Transitioning to Diagnostics
The transition from research to the clinic is a long and winding road for diagnostic platforms. “There are many challenges that must be overcome,” explains Michael Montalto, Ph.D., executive director and head of translational pathology and biomarker technologies, translational medicine, Bristol-Myers Squibb. New diagnostic platforms usually emerge from the exploratory research setting. In the case of digital pathology-based tests, there are signs of progress. Dr. Montalto points to immune checkpoint modulators as a driving force. “These are rapidly altering the way physicians treat cancer.”
Although these tests are helpful, there are also challenges of introducing new immunohistochemistry (IHC) tests. “When IHC slides are examined, often there is reader-to-reader variability,” says Dr. Montalto. “Also, we are learning that quantifying specific types of immune cells may be more relevant than others, and it’s nearly impossible to differentiate them under a microscope. Digital pathology and computer vision will certainly help in such cases. In the past decade, this technology has made rapid progress in the automated quantitation of positive cells, providing more robust and repeatable data in clinical trials.”
Another example of progress from research to the clinic occurred this past spring. The FDA approved marketing of Philips’ IntelliSite Pathology Solution, the first whole-slide imaging system, for the primary review and interpretation of digital surgical pathology slides. The system enables pathologists to read tissue slides digitally, instead of using a microscope, to make a diagnosis. “This is a significant step forward for digital pathology,” observes Dr. Montalto. “It paves the way for automated image analysis of companion and complementary IHC diagnostic tests to enter the clinic.”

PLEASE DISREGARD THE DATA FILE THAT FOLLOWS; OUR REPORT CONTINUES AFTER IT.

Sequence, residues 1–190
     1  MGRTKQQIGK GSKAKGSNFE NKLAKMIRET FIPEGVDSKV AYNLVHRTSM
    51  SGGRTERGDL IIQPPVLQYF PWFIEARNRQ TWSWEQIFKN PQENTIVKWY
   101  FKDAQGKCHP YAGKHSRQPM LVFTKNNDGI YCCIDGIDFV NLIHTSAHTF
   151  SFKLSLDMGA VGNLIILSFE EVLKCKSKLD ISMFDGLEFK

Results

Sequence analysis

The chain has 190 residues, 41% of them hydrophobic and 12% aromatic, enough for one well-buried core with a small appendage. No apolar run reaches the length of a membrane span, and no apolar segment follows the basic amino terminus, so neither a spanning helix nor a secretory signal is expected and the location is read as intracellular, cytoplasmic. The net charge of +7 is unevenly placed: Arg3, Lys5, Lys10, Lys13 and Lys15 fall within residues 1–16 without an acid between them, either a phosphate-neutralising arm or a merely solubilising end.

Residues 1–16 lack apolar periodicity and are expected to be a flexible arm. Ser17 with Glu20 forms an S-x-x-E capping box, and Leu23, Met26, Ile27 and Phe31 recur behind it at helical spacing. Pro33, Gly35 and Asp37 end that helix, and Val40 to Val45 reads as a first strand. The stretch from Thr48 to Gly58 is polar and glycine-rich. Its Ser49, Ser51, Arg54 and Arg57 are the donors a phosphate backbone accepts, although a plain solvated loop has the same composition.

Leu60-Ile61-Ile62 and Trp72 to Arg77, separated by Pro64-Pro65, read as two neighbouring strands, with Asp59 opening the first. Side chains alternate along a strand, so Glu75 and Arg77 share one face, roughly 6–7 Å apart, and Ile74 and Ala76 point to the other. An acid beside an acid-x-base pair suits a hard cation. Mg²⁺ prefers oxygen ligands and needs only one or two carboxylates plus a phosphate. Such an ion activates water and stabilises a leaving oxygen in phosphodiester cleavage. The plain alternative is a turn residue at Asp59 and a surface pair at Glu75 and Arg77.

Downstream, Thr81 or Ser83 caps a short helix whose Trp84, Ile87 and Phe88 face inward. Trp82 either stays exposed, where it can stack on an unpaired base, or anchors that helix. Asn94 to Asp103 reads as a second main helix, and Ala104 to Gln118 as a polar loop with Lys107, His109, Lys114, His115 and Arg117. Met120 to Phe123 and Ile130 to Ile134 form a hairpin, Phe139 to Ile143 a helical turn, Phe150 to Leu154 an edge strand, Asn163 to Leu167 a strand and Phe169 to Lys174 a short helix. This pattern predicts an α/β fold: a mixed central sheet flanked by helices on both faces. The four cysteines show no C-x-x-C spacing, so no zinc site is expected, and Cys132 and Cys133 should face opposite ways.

Because exploratory research in immuno-oncology continues to expand, Dr. Montalto believes the market will continue to see more of this approach. Another future improvement will include multiplexing that assesses many proteins, not just one, which is critical for immunophenotyping in the context of the tumor microenvironment.
“We are already using it extensively on the research side of things, but the model allowing it to move into diagnostics has not yet arrived,” states Dr. Montalto. “Currently, challenges include regulatory hurdles, reimbursement, and cost. One doesn’t just use a $10,000 microscope for this sort of thing. Multiplexing also needs to be simplified. It is still very technically challenging, and must be better automated for a non-Ph.D. operator. However, these are all standard market limitations for transitioning from the research to the diagnostic market.”